- An Environmental Protection Plan, providing for joint and/or coordinated measures in this sphere.
- A program for developing coordination and cooperation in the field of communication and media.
- Any other programs of mutual interest.
Protocol on Israeli-Palestinian Cooperation Concerning Regional Development Programs
- The two sides will cooperate in the context of the multilateral peace efforts in promoting a Development Program for the region, including the West Bank and the Gaza Strip, to be initiated by the G-7. The parties will request the G-7 to seek the participation in this program of other interested states, such as members of the Organization for Economic Cooperation and Development, regional Arab states and institutions, as well as members of the private sector.
- The Development Program will consist of two elements:
- An Economic Development Program for the West Bank and the Gaza Strip. The Economic Development Program for the West Bank and the Gaza Strip will consist of the following elements:
- i. A Social Rehabilitation Program, including a Housing and Construction Program.
- ii. A Small and Medium Business Development Plan.
- iii. And Infrastructure Development Program (water, electricity, transportation and communications, etc.)
- iv. A Human Resources Plan.
- v. Other programs.
- A Regional Economic Development Program. The Regional Economic Development Program may consist of the following elements:
- i. The establishment of a Middle East Development Fund, as a first step, and a Middle East Development Bank, as a second step.
- ii. The development of a joint Israeli-Palestinian-Jordanian Plan for coordinated exploitation of the Dead Sea area.
- iii. The Mediterranean Sea (Gaza) – Dead Sea Canal.
- iv. Regional Desalinization and other water development projects.
- v. A regional plan for agricultural development, including a coordinated regional effort for the prevention of desertification.
- vi. Interconnection of electricity grids.
- vii. Regional cooperation for the transfer, distribution and industrial exploitation of gas, oil and other energy resources.
- viii. A Regional Tourism, Transportation and Telecommunications Development Plan.
- ix. Regional cooperation in other spheres.
- An Economic Development Program for the West Bank and the Gaza Strip. The Economic Development Program for the West Bank and the Gaza Strip will consist of the following elements:
- The two sides will encourage the multilateral working groups, and will coordinate towards its success. The two parties will encourage intercessional activities, as well as pre-feasibility and feasibility studies, within the various multilateral working groups.
Agreed Minutes to the Declaration of Principles on Interim Self-Government Arrangements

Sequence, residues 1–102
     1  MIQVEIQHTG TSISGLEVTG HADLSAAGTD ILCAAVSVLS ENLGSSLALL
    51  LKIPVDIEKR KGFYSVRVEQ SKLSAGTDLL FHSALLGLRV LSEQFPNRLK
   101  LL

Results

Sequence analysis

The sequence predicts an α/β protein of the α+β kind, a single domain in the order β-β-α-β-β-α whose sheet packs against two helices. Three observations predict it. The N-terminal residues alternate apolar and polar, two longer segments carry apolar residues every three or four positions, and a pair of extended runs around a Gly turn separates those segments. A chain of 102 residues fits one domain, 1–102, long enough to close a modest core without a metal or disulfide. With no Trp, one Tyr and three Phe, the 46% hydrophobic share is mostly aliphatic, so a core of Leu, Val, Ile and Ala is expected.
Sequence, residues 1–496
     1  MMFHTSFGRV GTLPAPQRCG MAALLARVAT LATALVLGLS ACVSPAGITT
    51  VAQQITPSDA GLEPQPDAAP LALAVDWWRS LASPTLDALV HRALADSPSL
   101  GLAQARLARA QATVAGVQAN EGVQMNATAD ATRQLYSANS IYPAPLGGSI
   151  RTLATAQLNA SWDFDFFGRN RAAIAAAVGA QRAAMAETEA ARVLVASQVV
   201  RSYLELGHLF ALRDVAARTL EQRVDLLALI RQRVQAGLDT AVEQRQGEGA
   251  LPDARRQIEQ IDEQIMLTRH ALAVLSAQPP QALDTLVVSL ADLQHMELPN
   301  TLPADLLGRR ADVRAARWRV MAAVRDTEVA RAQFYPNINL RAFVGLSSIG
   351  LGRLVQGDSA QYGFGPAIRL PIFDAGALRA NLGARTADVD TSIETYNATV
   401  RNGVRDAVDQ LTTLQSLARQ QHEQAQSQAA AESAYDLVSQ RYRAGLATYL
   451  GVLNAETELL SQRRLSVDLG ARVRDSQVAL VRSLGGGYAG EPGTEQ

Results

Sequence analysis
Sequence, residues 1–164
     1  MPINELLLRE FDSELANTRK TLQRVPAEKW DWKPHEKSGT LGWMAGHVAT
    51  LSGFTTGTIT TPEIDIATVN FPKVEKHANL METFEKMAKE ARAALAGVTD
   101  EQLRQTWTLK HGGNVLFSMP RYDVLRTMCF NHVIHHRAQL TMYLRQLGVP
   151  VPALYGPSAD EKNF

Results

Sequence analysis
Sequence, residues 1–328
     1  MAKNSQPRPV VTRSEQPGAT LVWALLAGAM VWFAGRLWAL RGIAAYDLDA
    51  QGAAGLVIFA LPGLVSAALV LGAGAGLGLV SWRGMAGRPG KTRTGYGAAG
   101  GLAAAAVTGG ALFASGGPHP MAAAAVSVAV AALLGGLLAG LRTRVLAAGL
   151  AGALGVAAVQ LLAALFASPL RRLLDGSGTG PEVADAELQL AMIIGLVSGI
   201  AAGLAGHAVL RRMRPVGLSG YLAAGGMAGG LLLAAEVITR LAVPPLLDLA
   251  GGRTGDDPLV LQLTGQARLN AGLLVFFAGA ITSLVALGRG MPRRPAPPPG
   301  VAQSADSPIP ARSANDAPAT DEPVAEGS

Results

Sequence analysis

A. General Understandings and Agreements
Any powers and responsibilities transferred to the Palestinians pursuant to the Declaration of Principles prior to the inauguration of the Council will be subject to the same principles pertaining to Article IV, as set out in these Agreed Minutes below.
B. Specific Understandings and Agreements
It is understood that:
- Jurisdiction of the Council will cover the West Bank and Gaza Strip territory, except for issues that will be negotiated in the permanent status negotiations: Jerusalem, settlements, military locations and Israelis.
- The Council’s jurisdiction will apply with regard to the agreed powers, responsibilities, spheres and authorities transferred to it.
Article VI (2)
It is agreed that the transfer of authority will be as follows:
- The Palestinian side will inform the Israeli side of the names of the authorized Palestinians who will assume the powers, authorities and responsibilities that will be transferred to the Palestinians according to the Declaration of Principles in the following fields: education and culture, health, social welfare, direct taxation, tourism, and any other authorities agreed upon.
- It is understood that the rights and obligations of these offices will not be affected.
- Each of the spheres described above will continue to enjoy existing budgetary allocations in accordance with arrangements to be mutually agreed upon. These arrangements also will provide for the necessary adjustments required in order to take into account the taxes collected by the direct taxation office.
- Upon the execution of the Declaration of Principles, the Israeli and Palestinian delegations will immediately commence negotiations on a detailed plan for the transfer of authority on the above offices in accordance with the above understandings.
Article VII (2)
The Interim Agreement will also include arrangements for coordination and cooperation.
Article VII (5)
The withdrawal of the military government will not prevent Israel from exercising the powers and responsibilities not transferred to the Council.
It is understood that the Interim Agreement will include arrangements for cooperation and coordination between the two parties in this regard. It is also agreed that the transfer of powers and responsibilities to the Palestinian police will be accomplished in a phased manner, as agreed in the Interim Agreement.
It is agreed that, upon the entry into force of the Declaration of Principles, the Israeli and Palestinian delegations will exchange the names of the individuals designated by them as members of the Joint Israeli-Palestinian Liaison Committee.
It is further agreed that each side will have an equal number of members in the Joint Committee. The Joint Committee will reach decisions by agreement. The Joint Committee may add other technicians and experts, as necessary. The Joint Committee will decide on the frequency and place or places of its meetings.
It is understood that, subsequent to the Israeli withdrawal, Israel will continue to be responsible for external security, and for internal security and public order of settlements and Israelis. Israeli military forces and civilians may continue to use roads freely within the Gaza Strip and the Jericho area.
Done at Washington, D.C., this 13th day of September, 1993.
For the Government of Israel For the Palestinian Delegation
Witnessed By: The United States of America The Russian Federation